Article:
For most of the twentieth century the Swedish Navy focused on the threat of a full-scale invasion of Sweden via the Baltic and protecting commercial shipping. Sweden's location on the Scandinavian peninsula makes it highly dependent of maritime trade: 90% imports and exports enter or leave Sweden through the Baltic. In 1972, the government decreed that non-military measures should be used to protect merchant shipping. The resolution led to the de-commissioning of all the navy's destroyers and frigates, though the non-military measures the government intended to use to protect shipping have never been specified.
The collapse of the Soviet Union diminished the threat of an invasion of Sweden over the Baltic.. However, with the re-armament of Russia, its unstable democratic development, and the potentially increased strategic importance of the Baltic Sea has led to continued support[by whom?] for Swedish naval patrols in the Baltic. In 1995 Swedish mine-clearance units furthermore took the lead in clearing the waters of Estonia, Latvia, and Lithuania of thousands of mines and other explosives.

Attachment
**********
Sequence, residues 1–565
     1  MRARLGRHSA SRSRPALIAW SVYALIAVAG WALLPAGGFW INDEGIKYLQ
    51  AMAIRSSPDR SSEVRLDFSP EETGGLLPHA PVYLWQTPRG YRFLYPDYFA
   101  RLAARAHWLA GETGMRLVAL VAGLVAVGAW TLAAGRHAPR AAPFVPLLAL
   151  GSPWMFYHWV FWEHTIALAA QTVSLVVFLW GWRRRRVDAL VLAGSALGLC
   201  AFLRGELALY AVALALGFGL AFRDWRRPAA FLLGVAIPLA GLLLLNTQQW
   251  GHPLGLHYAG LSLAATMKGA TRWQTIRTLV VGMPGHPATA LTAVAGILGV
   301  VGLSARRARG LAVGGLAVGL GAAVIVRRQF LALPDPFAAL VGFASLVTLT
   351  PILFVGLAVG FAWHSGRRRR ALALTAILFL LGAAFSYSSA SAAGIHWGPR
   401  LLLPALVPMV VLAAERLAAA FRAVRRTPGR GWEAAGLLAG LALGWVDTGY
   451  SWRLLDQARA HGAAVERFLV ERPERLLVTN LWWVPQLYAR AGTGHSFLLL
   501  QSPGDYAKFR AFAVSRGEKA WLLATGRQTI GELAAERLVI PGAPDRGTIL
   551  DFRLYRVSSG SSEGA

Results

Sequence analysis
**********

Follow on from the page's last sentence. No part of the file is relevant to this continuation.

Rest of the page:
The Swedish Navy has four units that are capable of deploying within 30 days. These are a corvette squadron (two Göteborg class) with a support ship, a mine countermeasures squadron (two Landsort class) with a support ship, one submarine, and a forward naval support element. In the near future there will also be an amphibious unit on 30 days standby.
The navy first participated in a UN-led peacekeeping mission in October 2006 when the corvette HSwMS Gävle began performing coastal surveillance duties for the United Nations Mission in Lebanon. HSwMS Gävle was relieved by HSwMS Sundsvall, which returned to Sweden in September 2007.
In 2008 the last of Sweden's submarine hunting helicopters was retired, leaving the country with essentially no ASW capability.
HSwMS Malmö, Stockholm, and Trossö took part in the EU-led EUNAVFOR operation off the coast of the Horn of Africa. In 2010, HSwMS Carlskrona was the EUNAVFOR flagship, housing the fleet headquarters led by RADM (LH)(Flottiljamiral) Jan Thörnqvist.